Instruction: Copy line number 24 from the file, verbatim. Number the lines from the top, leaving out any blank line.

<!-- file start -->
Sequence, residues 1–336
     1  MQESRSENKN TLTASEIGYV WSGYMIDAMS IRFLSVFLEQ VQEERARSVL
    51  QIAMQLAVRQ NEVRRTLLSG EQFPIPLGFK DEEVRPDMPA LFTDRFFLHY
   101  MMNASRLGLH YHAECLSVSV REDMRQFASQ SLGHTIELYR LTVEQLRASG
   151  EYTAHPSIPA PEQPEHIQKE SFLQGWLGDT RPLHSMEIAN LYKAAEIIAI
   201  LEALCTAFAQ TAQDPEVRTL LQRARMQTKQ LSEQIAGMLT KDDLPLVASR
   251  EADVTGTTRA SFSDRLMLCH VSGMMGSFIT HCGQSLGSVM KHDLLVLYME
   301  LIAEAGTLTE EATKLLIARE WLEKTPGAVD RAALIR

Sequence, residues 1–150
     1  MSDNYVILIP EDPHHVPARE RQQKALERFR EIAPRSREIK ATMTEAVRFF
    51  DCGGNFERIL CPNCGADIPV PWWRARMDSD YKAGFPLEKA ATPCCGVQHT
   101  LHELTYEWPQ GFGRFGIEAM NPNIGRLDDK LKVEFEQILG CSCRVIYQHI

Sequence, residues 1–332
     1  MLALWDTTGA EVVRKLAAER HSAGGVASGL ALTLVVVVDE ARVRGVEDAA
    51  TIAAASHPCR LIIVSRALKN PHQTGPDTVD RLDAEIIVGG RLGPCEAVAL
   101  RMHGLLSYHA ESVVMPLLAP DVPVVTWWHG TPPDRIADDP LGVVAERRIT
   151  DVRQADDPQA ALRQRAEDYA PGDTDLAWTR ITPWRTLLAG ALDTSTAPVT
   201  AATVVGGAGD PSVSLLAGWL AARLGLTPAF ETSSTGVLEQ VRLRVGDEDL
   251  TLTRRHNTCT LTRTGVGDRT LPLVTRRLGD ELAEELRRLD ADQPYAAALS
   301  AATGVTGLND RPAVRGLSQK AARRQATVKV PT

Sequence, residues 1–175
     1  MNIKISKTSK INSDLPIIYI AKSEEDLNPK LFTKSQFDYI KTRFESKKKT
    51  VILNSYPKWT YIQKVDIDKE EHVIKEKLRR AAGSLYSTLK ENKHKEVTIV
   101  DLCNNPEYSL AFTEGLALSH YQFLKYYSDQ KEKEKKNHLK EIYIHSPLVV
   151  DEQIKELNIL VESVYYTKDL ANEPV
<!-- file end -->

   101  DLCNNPEYSL AFTEGLALSH YQFLKYYSDQ KEKEKKNHLK EIYIHSPLVV